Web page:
Alicia Morgans: Well, I think there's always room for more investigation, and that certainly would be exciting. And thinking about the location of the metastatic disease, whether it's pelvic, whether it's bone, whether there's one, whether there's 15, identified on a PSMA PET, this is something that you've been thinking a lot about. In the context of metastasis-directed therapy, what are your thoughts about metastasis location? The number of metastases. Whether or not to combine with systemic therapy? Where do they stand there?
Piet Ost: Yeah. There have been enormous evolutions in our thoughts, especially on what we should be doing. And let me maybe start with the pelvic recurrences, because that is one of the most common failure patterns we see. And there, we know that, in patients with one to three nodal recurrences, you can do SBRT, you can do a whole pelvis, you can do a surgical resection. It appears to be, that the surgeons are saying, from their retrospective data, it's not that good. A lot of patients recur. So we've already, the retrospective data indicate it's not a good option, probably it's not a good option. We are still in doubt, whether SBRT or elective, we know what the best option there is. We just finished our trial. We'll be reporting acute toxicity next week at ESSO, SBRT versus elective nodal radiotherapy. So that will be the first indication if one is more toxic than the other. And in two years, we will be reporting the metastasis-free survival for these patients. So then, at least, we will know, for that subset, what the best option will be.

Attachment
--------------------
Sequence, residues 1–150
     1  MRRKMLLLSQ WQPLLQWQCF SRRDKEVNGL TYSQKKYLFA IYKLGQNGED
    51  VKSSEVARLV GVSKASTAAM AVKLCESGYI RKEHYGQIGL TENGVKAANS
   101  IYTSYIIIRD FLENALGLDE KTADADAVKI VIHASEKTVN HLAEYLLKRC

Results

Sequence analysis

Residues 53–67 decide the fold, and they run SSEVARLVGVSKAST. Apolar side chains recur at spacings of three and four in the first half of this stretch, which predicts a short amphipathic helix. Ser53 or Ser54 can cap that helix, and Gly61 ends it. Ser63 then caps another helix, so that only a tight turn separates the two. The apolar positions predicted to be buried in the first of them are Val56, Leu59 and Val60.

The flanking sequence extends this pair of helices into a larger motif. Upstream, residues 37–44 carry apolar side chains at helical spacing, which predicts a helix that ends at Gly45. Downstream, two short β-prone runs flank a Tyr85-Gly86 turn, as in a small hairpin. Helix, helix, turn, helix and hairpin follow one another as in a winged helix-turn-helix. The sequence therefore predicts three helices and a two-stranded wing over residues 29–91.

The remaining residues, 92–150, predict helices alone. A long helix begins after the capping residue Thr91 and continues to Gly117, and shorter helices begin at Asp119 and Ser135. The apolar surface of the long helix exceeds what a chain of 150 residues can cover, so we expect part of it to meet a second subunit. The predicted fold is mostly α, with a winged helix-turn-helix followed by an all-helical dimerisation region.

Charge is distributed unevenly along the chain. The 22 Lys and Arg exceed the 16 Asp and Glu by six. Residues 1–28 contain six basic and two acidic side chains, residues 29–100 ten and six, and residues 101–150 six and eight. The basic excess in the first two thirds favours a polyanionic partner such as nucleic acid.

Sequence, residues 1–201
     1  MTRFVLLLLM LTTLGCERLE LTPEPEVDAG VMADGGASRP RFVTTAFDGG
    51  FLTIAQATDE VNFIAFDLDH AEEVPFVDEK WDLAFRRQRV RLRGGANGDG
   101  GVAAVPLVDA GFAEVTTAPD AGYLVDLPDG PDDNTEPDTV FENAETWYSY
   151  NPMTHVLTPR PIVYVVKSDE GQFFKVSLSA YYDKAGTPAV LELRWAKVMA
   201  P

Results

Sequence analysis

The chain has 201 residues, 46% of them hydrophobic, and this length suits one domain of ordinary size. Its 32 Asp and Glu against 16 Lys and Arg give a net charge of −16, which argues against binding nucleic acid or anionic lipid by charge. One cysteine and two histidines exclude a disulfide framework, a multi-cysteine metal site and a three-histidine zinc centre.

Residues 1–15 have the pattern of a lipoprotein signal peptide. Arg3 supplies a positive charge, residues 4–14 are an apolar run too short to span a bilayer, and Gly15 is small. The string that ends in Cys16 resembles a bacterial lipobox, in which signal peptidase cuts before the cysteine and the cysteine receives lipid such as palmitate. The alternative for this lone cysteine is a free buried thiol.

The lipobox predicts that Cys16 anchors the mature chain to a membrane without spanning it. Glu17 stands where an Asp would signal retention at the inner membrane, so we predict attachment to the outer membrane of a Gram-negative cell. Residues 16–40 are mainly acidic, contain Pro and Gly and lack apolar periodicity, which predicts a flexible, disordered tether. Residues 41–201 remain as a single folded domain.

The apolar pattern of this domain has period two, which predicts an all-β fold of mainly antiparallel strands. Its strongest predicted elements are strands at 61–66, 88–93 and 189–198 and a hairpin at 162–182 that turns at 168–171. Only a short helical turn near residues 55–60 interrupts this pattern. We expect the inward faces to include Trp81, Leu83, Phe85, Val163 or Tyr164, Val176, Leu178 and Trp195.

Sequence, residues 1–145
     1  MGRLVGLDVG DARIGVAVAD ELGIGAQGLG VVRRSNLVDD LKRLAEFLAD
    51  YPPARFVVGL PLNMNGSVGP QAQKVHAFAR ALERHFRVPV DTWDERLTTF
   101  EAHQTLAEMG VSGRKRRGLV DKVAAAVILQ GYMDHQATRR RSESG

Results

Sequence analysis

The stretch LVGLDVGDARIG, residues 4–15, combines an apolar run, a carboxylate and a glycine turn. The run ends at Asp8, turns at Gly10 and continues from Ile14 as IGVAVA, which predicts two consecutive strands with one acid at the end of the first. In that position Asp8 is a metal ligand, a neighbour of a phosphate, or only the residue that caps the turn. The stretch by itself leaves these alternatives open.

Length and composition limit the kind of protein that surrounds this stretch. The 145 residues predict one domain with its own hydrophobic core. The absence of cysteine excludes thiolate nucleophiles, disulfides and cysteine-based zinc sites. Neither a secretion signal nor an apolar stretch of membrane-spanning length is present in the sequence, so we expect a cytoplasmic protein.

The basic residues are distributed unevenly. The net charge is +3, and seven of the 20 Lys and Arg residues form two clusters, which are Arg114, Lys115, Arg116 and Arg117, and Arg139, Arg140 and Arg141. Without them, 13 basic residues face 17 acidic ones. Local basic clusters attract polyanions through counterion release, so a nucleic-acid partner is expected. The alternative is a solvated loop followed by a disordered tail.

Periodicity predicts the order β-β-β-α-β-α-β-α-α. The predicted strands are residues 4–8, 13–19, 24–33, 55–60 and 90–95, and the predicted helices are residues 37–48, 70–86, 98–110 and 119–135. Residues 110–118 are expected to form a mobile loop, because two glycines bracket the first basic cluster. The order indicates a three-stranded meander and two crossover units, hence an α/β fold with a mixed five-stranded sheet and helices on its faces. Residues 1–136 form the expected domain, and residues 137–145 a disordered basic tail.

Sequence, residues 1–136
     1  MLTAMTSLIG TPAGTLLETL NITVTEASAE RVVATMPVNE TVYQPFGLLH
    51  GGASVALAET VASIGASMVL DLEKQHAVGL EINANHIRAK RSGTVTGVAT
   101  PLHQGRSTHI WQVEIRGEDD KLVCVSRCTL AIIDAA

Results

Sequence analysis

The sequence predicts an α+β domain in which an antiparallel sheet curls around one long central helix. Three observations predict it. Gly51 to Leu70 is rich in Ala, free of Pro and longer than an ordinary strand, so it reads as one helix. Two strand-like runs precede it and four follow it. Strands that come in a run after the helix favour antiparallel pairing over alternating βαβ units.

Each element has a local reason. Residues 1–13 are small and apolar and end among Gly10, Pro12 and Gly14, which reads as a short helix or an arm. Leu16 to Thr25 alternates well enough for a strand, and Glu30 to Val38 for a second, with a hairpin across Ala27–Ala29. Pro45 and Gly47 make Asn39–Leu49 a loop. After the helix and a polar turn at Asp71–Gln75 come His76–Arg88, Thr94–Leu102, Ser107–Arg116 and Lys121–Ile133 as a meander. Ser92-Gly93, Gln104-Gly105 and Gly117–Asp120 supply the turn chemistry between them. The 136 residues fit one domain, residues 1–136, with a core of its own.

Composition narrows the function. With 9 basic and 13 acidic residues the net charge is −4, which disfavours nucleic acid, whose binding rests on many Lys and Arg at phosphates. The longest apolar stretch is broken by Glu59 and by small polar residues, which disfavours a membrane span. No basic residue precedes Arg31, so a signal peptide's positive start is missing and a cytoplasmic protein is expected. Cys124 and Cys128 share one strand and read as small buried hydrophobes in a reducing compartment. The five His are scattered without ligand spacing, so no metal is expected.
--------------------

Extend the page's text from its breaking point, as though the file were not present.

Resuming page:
Do mind, that in actually both arms, we said that six months of ADT was mandatory. And we copied that a bit from what they did in the GETUG trial, what they did in the SPPORT trial, is that, the basis of six months of ADT, in that type of salvage setting, makes a lot of sense. So that's why we built that in.
Moving to the distant metastatic disease, that is even more difficult. Because the first trials we designed, designed in Hopkins, was observation versus SBRT, and just looking at, does it work? And if it's not better than observation, maybe this is where we should stop.
So that was for us, our first step, testing that hypothesis. But moving forward, I think we have to think beyond, SBRT only, and we have to start, at least, combining it with systemic therapy. And there are a lot of ways forward in that. What is the optimal systemic therapy to do so? What's the ideal duration? So there's a lot of open questions.
And we are starting to dive into the molecular assays, as well. We've been now doing targeted DNA of the primary, looking at high-risk mutations versus not having a high-risk mutation, and seeing which patient might actually benefit more than the other from SBRT. And what we see is that, probably the patients with the high-risk mutation benefit even more from SBRT, as compared to observation, but they still fail within the first year, indicating they need something more. And something more will be systemic therapy.